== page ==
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Lawyer eager to start trial in Oxnard killing

July 26, 2008|Catherine Saillant | Times Staff Writer

A lawyer for an Oxnard middle school student charged with killing gay classmate Lawrence King said Friday that he wants to get the case in front of a jury quickly now that a Ventura County judge has turned down his request to move it to juvenile court.

Deputy public defender Willie Quest said he was disappointed by Superior Court Judge Douglas Daily's finding earlier this week that there was no constitutional violation in Dist. Atty. Gregory Totten's decision to try Brandon McInerney, 14, as an adult.

"We hope a jury will look at it in a much more reasonable light," Quest said. "I'm not going to allow a 14-year-old to go to prison for the rest of his life without someone other than the D.A.'s office looking at this."

Quest said the public defender's office may appeal Daily's decision but would probably wait until after his client has been tried. It can take months, or even years, to get an appellate court ruling, he said.

By then, McInerney may no longer be a fresh-faced adolescent, Quest said.

"If people get to know Brandon and see Brandon as who he really is, I think they will be very unlikely to want him to die in prison," Quest said.

Deputy Dist. Atty. Maeve Fox, the lead prosecutor, said Daily ruled appropriately. Previous courts have upheld prosecutors' discretion in deciding in which court to file murder charges against young defendants, Fox said.

"I didn't think it was a particularly close call," Fox said.

McInerney is being tried in adult court under the provisions of Proposition 21, which allows prosecutors to bring murder charges against juveniles as young as 14 for certain serious crimes.

McInerney turned 14 three weeks before he walked into a classroom at E.O. Green Junior High School on Feb. 12 and allegedly shot Lawrence in the head. Lawrence, 15, was in a coma for a day before he was declared dead.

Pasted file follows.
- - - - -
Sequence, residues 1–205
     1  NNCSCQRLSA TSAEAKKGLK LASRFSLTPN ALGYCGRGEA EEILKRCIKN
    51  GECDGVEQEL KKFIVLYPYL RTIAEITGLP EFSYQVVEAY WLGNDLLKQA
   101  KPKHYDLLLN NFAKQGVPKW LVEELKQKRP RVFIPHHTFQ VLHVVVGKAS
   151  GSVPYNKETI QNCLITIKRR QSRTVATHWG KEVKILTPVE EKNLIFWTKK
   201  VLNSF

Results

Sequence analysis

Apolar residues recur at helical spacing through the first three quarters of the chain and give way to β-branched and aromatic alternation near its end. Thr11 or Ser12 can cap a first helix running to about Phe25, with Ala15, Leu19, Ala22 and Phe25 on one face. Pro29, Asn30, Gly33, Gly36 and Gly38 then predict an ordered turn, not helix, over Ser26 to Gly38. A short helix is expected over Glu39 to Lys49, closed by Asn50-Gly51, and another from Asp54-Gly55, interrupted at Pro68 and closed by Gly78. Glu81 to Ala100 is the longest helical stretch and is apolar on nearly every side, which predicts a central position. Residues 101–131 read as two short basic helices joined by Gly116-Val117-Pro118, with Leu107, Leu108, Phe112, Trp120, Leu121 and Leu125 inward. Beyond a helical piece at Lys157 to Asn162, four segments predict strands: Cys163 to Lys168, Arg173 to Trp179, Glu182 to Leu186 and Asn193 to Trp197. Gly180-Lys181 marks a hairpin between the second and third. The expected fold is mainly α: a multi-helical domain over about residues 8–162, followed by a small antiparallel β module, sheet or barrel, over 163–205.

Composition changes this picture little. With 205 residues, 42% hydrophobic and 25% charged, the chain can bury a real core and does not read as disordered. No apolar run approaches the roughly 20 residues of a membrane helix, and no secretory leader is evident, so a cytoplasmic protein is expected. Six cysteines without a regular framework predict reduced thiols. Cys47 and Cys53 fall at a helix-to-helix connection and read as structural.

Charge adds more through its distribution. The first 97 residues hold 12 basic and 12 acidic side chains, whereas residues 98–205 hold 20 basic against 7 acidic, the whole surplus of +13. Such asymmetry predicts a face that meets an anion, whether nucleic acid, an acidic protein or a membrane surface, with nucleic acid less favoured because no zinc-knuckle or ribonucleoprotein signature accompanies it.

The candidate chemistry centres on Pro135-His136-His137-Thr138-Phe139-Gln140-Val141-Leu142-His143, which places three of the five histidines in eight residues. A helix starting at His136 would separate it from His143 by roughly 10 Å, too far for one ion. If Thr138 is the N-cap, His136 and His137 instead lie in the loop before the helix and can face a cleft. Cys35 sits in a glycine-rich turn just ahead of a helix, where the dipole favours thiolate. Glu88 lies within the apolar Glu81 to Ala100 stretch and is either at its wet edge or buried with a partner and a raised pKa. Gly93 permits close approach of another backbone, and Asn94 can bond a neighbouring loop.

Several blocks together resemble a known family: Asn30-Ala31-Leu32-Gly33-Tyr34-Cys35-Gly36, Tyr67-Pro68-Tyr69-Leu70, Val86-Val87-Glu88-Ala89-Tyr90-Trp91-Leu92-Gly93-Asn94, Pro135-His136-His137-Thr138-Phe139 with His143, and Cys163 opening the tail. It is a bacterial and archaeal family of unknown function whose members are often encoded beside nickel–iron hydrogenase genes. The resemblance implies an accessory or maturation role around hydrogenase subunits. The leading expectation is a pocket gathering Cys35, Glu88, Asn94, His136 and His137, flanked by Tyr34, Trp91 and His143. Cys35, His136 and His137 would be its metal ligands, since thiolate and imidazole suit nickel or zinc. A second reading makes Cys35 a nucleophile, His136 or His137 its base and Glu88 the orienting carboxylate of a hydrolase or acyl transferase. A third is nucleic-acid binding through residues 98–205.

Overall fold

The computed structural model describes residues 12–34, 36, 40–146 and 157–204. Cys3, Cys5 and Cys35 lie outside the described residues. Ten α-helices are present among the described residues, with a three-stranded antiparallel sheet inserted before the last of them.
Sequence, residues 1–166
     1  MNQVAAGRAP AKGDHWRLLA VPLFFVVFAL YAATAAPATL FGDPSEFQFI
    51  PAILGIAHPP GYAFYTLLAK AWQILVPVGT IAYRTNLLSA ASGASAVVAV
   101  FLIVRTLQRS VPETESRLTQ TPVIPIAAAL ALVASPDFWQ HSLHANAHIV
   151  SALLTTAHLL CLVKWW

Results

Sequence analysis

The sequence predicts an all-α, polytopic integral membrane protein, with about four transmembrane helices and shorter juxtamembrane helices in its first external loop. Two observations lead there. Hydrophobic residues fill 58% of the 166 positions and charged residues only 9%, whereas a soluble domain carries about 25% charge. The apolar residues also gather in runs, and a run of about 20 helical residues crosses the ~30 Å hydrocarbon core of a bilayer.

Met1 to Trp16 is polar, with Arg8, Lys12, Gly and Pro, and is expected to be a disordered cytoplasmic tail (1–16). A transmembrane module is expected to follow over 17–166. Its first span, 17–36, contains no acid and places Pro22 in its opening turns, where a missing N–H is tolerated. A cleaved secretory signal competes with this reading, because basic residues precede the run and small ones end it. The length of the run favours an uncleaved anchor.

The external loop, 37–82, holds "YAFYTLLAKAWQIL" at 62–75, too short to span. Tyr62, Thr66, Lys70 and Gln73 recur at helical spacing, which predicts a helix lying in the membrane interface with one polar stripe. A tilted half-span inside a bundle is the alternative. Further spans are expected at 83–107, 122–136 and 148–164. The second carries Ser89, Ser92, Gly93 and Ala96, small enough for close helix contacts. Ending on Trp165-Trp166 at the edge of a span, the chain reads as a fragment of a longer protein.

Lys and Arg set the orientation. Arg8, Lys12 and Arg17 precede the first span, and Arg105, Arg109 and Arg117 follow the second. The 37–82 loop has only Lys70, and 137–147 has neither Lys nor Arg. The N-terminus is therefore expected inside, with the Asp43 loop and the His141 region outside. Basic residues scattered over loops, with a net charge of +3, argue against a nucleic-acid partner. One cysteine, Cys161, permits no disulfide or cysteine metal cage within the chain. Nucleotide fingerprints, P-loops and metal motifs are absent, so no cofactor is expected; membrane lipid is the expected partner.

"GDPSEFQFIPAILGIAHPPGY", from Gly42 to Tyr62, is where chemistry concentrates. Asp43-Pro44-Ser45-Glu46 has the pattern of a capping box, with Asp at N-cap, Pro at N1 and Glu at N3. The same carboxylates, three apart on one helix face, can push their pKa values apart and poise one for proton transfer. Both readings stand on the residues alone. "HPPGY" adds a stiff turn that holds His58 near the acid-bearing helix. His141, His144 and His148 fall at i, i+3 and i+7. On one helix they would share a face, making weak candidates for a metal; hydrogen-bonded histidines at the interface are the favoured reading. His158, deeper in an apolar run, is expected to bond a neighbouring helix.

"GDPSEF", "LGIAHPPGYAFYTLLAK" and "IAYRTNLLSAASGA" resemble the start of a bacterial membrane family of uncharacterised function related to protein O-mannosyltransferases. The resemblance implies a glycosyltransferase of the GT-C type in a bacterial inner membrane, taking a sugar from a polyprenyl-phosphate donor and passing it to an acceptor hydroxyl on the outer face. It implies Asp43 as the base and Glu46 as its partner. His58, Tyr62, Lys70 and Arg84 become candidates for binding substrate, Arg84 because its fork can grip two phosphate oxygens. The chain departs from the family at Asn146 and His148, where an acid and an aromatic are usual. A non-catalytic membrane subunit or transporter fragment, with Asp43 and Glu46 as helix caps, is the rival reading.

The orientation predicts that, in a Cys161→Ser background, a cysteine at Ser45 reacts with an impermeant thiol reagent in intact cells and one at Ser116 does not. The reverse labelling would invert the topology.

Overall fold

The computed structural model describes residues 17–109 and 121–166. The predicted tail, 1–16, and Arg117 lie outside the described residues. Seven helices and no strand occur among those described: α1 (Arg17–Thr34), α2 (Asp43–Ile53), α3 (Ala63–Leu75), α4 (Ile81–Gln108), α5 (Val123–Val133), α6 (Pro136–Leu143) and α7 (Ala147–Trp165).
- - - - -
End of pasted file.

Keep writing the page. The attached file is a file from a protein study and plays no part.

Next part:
Totten, the district attorney, said the crime's severity prompted him to file a murder charge, with a special hate crime enhancement, in adult court.

Students and other witnesses told investigators that tension had been simmering for days between the two eighth-graders. Lawrence had announced that he was gay and sometimes dressed in feminine clothing, said students, who added that McInerney was annoyed by Lawrence's public interest in him.

If convicted on all charges, McInerney would face 51 years to life in prison, with the possibility of parole after 43 years, Fox said.

McInerney's arraignment is set for Aug. 7. Fox suggested that the district attorney's office might be willing to strike a plea bargain with Quest to avoid the expense and emotional trauma of a trial.

"We have told him point-blank that his case is unusual and that our minds are open," Fox said. "There is a wide range of sentencing alternatives that can be negotiated at any time until the jury comes back with a first-degree verdict."

Quest said he won't try to move the trial out of Ventura County despite the intense publicity the case has generated locally. It's a big story everywhere, he noted.


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